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India's coal projects face obstacles
by Staff Writers
New Delhi (UPI) Sep 12, 2011

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India's increasing energy needs are being hampered by regulatory delays for coal mining projects.

India could import around 250 million tons of coal a year by 2015, more than double import levels this year, says Indian Coal Minister Sriprakash Jaiswal. Coal accounts for approximately two-thirds of total energy production in India.

Although India has the fifth-largest coal reserves in the world, much of it is under forests and so mining projects face fierce environmental scrutiny.

When the Environment and Forests Ministry declared 203 coal fields a "no-go" zone this year, the decision was applauded by environmental groups. Yet many officials opposed the move, citing India's soaring energy needs vital for its industrial growth.

"Never before have we had such a high demand for coal," said Jaiswal, The Washington Post reports. "And never before has our environmental consciousness been so high either. Both are legitimate worries. But the solution is not to clamp down on coal production."

For state-run Coal India, which operates 470 mines accounting for more than 80 percent of the country's domestic coal production, 233 projects are being held up because of regulatory clearances, including environmental approvals, Press Trust of India reports. At stake is an additional 200 million tons of coal a year.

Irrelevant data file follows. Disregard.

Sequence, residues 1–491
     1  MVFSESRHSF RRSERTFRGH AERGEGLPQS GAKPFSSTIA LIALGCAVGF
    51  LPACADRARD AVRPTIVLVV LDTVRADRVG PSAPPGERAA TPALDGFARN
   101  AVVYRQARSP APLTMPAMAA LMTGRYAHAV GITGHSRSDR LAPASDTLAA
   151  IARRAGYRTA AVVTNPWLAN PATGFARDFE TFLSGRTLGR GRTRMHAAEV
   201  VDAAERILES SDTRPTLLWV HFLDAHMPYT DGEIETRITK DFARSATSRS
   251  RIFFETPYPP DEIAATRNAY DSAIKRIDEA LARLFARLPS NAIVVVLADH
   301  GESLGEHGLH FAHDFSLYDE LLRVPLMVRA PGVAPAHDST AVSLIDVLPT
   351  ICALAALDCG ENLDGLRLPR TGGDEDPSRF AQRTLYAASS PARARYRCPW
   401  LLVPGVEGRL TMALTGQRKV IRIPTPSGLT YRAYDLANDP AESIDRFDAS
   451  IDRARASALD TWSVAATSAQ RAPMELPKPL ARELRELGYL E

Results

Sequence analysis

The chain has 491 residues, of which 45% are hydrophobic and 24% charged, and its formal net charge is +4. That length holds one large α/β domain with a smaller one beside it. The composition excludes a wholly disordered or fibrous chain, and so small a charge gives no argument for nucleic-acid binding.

"It takes about seven years for us to get environment and forest approvals to start mining in India. Can we afford to wait that long?" the Post quoted U. Kumar, a coal adviser to the Confederation of Indian Industry, as saying.

A hoped-for domestic production target of 660 million tons of coal is likely to fall short by 139 million tons this year due to new regulations and licensing delays, including environmental controls. That shortage means that dozens of power plants will be idle next year.

"We have already sunk over $600 million in expanding our power plant and steel factory because we expected an assured coal supply from the mines," said Sridhar Tripathi, consultant to Madanpur South Coal Co.

"So much hue and cry over the forest. Coal is nature's treasure. We are willing to replant 26 times the trees we will cut. But we can't shift the coal field to another area."

Meanwhile, Indian power companies have been dealt a blow by Indonesia's coal export regulations which prohibit the sale of coal below a benchmark price based on international rates.

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